I think it’s funny how the internet pundits advise us these days with all seriousness to notice the amazing fact: pictures are proving to ‘engage’ more people than plain text updates! This apparently astonishing revelation led Facebook to Instagram, Twitter to all the picture apps out there, LinkedIn to its new love affair with images in many sections of your profile, Google Plus to its ridiculously enormous cover images.
The excitement around the discovery that images are highly appealing is testimony to dreadful dumbing down – and watering down! – of our internet experience.
Gee guys, I’m not surprized people like pictures; so does every toddler. Pictures are accessible eye-candy, and comfortably vague compared to text. A picture brands you without saying too much. It’s easy to appreciate a picture without thinking.
Though supposedly ‘worth a thousand words,’ a picture usually doesn’t get translated. You either like it or don’t or don’t care. An image is a relatively uncomplicated thing.
Of course, I am just as entertained by pictures as you are. But the social media trend is beginning to show its limitations. My Facebook news feed is so clogged with ‘image-ized’ quotes and cat pictures that it’s hardly worth going there.
Understandably, internet marketers want to help those who persistly ask, “What should I post on social media?” The Images Solution that’s roared to universal popularity in the past year or so is such a quick and easy answer that it seems almost magical.
Except it’s dumb. It’s a non-solution. The question is, ”What should I post on social media?” not “What’s the most widely palatable, easily forgettable, non-statement I can make on social media?” The question is not, “How can I pad my timeline with meaningless content?”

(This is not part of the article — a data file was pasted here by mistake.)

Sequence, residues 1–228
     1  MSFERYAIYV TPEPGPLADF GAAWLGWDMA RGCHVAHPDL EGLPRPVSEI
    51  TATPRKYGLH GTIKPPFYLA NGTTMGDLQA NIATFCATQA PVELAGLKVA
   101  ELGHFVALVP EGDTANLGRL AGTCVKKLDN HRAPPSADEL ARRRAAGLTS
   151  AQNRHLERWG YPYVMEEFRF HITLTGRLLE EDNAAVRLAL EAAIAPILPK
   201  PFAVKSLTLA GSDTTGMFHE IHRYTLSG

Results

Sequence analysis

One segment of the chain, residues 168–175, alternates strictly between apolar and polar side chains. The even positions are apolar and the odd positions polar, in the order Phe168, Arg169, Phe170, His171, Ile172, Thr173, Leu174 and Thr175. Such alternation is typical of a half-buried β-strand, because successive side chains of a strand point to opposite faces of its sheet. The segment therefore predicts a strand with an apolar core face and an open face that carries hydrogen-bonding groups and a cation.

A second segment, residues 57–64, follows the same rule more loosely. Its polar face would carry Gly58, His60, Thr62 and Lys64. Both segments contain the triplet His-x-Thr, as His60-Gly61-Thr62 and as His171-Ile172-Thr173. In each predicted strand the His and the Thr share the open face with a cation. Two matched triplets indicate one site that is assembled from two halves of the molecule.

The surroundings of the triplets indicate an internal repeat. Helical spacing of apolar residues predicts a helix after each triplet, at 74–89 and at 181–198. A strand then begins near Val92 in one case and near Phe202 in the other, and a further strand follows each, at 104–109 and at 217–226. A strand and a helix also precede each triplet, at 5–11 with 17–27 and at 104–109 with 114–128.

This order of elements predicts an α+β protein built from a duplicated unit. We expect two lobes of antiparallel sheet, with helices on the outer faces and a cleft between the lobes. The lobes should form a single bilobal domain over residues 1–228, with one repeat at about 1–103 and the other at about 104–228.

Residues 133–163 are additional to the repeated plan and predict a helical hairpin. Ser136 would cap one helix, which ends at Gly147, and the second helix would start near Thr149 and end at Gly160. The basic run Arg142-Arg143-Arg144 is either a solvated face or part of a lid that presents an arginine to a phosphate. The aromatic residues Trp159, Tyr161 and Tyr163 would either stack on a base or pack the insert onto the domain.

By all means, use images in your posts whenever possible. This is not a rant against images. BUT, it is an objection to the teaching that the best kind of online updating is image-centered.
The content we produce for our online tribes exists for the purpose of helping where help is needed. Ideally, we seek for the best way to provide assistance and our content is a result of that ongoing research.
Instead of asking “What should I post on social media?” we should ask, “Who can I help and how can I help them through my postings on social media?”
Images will very likely be part of your answer to this question. But since you are sincerely interested in becoming an appreciated resource for your connections over the long term, a much larger portion of your content will be text or video: that is, it will be characterized by more complex applications and detailed descriptions beyond the image.
When you ask, “How can I help?” you’re looking for specific ways to have an impact on specific people; your branding is swift and direct; you benefit from your practicality and leave the substance-less eye candy for time-wasters.